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His trajectory these last few months has conformed to that dictum for radical reformers generally attributed to Gandhi: “First they ignore you, then they laugh at you, then they fight you, then you win.”
He scraped on to the ballot with seconds to spare with the help of MPs who didn’t support him but wanted to ensure the voice of the Labour left could at least be heard – a tokenistic gesture to demonstrate the party still had roots even if they weren’t showing. Nobody expected that voice to be heard so clearly, understood so widely or taken so seriously by the membership. Party grandees thought his presence would offer a debate about austerity; few assumed he would win it. His candidacy was supposed to be decorative but never viable.
From the moment it was clear that assumption was flawed, the political and media class shifted from disbelief to derision to panic, apparently unaware that his growing support was as much a repudiation of them as an embrace of him. Former Labour leaders and mainstream commentators belittled his supporters as immature, deluded, self-indulgent and unrealistic, only to express surprise when they could not win them over. As such this reckoning was a long time coming. For the past couple of decades the Labour leadership has looked upon the various nascent social movements that have emerged – against war, austerity, tuition fees, racism and inequality – with at best indifference and at times contempt. They saw its participants, many of whom were or had been committed Labour voters, not as potential allies but constant irritants.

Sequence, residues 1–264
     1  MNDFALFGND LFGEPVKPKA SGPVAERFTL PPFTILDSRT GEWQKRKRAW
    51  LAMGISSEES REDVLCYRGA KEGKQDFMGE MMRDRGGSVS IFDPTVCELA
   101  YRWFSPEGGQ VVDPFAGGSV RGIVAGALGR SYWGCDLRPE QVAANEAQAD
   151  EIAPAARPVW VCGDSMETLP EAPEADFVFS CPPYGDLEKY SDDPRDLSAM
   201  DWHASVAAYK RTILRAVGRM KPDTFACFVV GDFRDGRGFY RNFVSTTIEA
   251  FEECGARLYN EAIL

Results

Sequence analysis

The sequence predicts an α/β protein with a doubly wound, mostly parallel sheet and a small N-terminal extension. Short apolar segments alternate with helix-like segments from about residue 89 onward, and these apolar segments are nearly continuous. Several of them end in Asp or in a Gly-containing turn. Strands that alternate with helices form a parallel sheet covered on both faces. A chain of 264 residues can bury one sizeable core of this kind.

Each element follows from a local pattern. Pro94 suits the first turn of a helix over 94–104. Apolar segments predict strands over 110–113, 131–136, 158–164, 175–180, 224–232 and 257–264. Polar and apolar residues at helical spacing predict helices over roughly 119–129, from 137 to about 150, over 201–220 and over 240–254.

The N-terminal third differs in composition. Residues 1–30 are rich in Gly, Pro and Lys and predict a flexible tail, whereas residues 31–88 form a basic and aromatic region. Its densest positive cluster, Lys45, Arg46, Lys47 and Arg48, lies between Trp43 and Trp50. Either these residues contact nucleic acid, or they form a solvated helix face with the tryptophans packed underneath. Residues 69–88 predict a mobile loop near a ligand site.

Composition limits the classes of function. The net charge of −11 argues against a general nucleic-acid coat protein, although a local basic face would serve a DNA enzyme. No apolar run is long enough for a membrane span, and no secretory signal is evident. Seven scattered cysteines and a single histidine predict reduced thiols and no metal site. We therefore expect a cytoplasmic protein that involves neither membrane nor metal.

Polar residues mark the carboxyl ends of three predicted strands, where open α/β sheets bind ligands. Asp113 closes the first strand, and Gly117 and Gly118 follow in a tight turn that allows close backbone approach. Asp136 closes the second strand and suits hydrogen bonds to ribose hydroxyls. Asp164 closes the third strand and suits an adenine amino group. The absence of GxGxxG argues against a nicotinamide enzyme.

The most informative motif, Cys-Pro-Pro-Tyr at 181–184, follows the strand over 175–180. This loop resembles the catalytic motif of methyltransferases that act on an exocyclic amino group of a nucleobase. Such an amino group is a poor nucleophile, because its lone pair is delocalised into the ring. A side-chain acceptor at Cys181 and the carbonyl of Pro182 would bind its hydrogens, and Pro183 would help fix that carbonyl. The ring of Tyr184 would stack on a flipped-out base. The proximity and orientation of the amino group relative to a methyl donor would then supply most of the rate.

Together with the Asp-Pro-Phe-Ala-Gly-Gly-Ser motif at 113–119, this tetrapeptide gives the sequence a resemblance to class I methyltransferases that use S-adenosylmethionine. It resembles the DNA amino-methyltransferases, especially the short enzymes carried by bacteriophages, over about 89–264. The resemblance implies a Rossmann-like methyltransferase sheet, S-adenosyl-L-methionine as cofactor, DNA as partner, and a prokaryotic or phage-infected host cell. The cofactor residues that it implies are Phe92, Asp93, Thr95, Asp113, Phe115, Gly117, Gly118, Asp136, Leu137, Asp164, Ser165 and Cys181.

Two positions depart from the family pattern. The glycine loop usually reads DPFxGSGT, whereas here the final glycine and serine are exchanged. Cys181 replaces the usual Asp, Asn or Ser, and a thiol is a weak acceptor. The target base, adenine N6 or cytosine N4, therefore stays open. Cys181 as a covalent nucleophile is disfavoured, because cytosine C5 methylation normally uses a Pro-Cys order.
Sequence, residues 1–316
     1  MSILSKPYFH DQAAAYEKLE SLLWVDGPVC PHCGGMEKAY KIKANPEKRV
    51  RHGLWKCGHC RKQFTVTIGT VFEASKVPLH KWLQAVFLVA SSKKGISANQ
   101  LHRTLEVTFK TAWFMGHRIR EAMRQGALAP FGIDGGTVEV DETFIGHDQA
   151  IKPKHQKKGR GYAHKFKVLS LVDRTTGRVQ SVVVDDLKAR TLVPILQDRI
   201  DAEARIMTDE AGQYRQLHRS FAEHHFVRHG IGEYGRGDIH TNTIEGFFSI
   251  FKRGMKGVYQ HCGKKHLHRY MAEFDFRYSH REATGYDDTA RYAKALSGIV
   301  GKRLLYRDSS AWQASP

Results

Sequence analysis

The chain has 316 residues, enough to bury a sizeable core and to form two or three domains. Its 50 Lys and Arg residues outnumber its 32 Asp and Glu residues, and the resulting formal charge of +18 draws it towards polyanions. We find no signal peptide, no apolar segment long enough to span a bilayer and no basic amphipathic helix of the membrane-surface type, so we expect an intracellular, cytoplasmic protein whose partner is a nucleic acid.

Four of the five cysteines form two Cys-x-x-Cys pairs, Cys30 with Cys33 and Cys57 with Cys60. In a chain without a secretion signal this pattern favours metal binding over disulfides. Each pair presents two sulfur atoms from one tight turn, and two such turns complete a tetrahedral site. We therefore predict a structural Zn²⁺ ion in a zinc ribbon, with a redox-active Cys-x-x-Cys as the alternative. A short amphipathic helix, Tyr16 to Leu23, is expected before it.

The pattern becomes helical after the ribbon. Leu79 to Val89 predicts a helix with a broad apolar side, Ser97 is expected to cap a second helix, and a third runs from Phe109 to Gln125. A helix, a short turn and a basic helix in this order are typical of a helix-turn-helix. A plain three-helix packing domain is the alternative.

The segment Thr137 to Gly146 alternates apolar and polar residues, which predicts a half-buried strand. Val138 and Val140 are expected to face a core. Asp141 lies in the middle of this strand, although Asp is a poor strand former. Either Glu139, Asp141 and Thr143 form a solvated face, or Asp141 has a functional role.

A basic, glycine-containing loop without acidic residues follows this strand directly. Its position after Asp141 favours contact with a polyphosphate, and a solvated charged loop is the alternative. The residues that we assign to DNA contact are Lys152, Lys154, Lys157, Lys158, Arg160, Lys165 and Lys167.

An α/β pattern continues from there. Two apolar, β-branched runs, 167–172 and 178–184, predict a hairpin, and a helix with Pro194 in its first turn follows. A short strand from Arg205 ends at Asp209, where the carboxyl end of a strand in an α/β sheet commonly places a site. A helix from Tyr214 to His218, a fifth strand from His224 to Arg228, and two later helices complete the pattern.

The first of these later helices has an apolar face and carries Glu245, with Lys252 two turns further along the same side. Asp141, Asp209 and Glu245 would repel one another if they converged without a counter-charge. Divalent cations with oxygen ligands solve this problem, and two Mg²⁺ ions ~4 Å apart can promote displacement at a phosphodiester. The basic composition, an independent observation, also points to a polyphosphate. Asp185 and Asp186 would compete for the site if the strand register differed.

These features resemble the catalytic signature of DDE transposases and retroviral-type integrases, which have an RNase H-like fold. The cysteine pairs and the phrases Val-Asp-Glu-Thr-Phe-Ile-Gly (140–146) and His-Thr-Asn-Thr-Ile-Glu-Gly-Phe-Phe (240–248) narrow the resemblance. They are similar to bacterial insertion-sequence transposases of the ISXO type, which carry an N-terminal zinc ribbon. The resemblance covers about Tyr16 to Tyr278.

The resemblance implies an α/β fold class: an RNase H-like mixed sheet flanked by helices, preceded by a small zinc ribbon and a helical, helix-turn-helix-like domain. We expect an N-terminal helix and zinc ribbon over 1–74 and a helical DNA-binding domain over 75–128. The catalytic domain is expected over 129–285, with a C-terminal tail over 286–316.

The slew of resignations from the party’s frontbench after the result was announced and apocalyptic warnings from former ministers about the fate of the party under a Corbyn leadership illustrate that this attitude hasn’t changed. The party has spoken; its old leaders would do well to listen but for now seem intent on covering their ears. They won’t win it back with snark and petulance. But they can make their claims about unelectability a self-fulfilling prophecy by refusing to accept Corbyn’s legitimacy as party leader.
Not only is Corbyn not being granted a honeymoon, relatives are determined to have a brawl at the wedding.
Nonetheless, the question of whether Corbyn is electable is a crucial one to which there are many views but no definitive answers. We are in uncharted waters and it’s unlikely to be plain sailing. May revealed that the British electoral landscape is both fractured and wildly volatile. What works in London and Scotland may not work in middle England and the south-east. To some extent Corbyn’s success depends on how he performs as leader and the degree to which his supporters can make their enthusiasm contagious.
It is a big risk. In the early 80s when Tony Benn made his bid for the deputy leadership, there was a huge trade union movement and peace movement to buttress him if he won. Corbyn inherits a parliamentary party in revolt and a determined but as yet unorganised band of followers. Clearly many believed it was a risk worth taking. In the words of the American socialist Eugene Debs: “It is better to vote for what you want and not get it than to vote for what you don’t want and get it.”